A $50 million fundraising campaign is under way to expand and renovate the iconic Motown Museum, where artists such as the Temptations, Stevie Wonder, and the Supremes got their start.
The campaign aims to expand the Detroit-based museum dedicated to telling the story of how Berry Gordy borrowed $800 from his family and created a world-renowned music label with some of the most well-known musicians in modern history.
"The Motown story just at a basic level is one of the greatest stories of enterprise, entrepreneurship and creativity," Robin Terry, Motown Museum CEO, said. "It's the American success story. It is all of that. It's one of the greatest influencers on our culture in our lifetime and so our vision is to really create a space that is respectful of that kind of institution."
Terry added that the museum will be expanded into a 50,000-square-foot entertainment and education experience.
Visitors currently are allowed to enter and view two of several houses, along Grand Boulevard in Detroit. While details about the museum's expanded exhibits and layouts are still being crafted, the fundraising campaign, according to Terry, will build an additional 40,000-square-foot space behind the homes with new exhibits.
It's an expansion project that's expected to help revitalize the local neighborhood that has seen blight over the years through the generation of at least 250 jobs — 200 construction and 50 permanent jobs.
"It's about inspiring entrepreneurship and being a source for those who are interested in pursuing business ownership, so I hope it not only creates permanent jobs on our campus but also elsewhere," Terry said.
Launched last October, the campaign has seen donations from foundations as well as individual givers, she said.
"Having a diverse donor base couldn't be more important to us," Terry said. "Motown is a community story, but it is a national community and a global community story, so we want to make sure that even in the funding and all that it takes to build a really powerful experience and tribute, it's important it be as diverse as the music that came from these homes and the people who celebrated that music."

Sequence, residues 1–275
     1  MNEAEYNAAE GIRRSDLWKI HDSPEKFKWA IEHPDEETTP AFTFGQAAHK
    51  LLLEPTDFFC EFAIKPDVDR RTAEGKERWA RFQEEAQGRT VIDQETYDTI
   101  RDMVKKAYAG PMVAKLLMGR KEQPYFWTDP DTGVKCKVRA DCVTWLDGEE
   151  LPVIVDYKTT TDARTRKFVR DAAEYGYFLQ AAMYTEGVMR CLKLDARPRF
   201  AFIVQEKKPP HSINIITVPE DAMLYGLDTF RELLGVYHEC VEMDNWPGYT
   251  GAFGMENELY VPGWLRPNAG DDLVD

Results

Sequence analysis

The expanded museum will allow more visitors to learn about the Motown experience. It will also expand the programming options available.
According to Paul Barker, director of fund development and community activation at Motown, the museum currently accommodates about 30 people every half hour, leaving many visitors unable to enjoy the experience.
"We're expanding in terms of giving back to the community and exploring their ideas but also accommodating those who come from far and away," Barker said.
One way the museum hopes to reach the community is through a young adult entrepreneurial pitch competition, which Barker said doesn't have to be about music or the museum. In the spirit of the museum's full story, the competition will give young adults the opportunity to pitch an idea and see it come to fruition.
"It just has to be a good idea and they have to want to make it happen, because I can tell you when Berry Gordy went to his family for an $800 loan to make music, they were not, they were kind of like, junior? Because that equivalent today would be about $8,000. It took a lot of risk but a lot of drive, and that's what we're trying to encourage here," Barker said.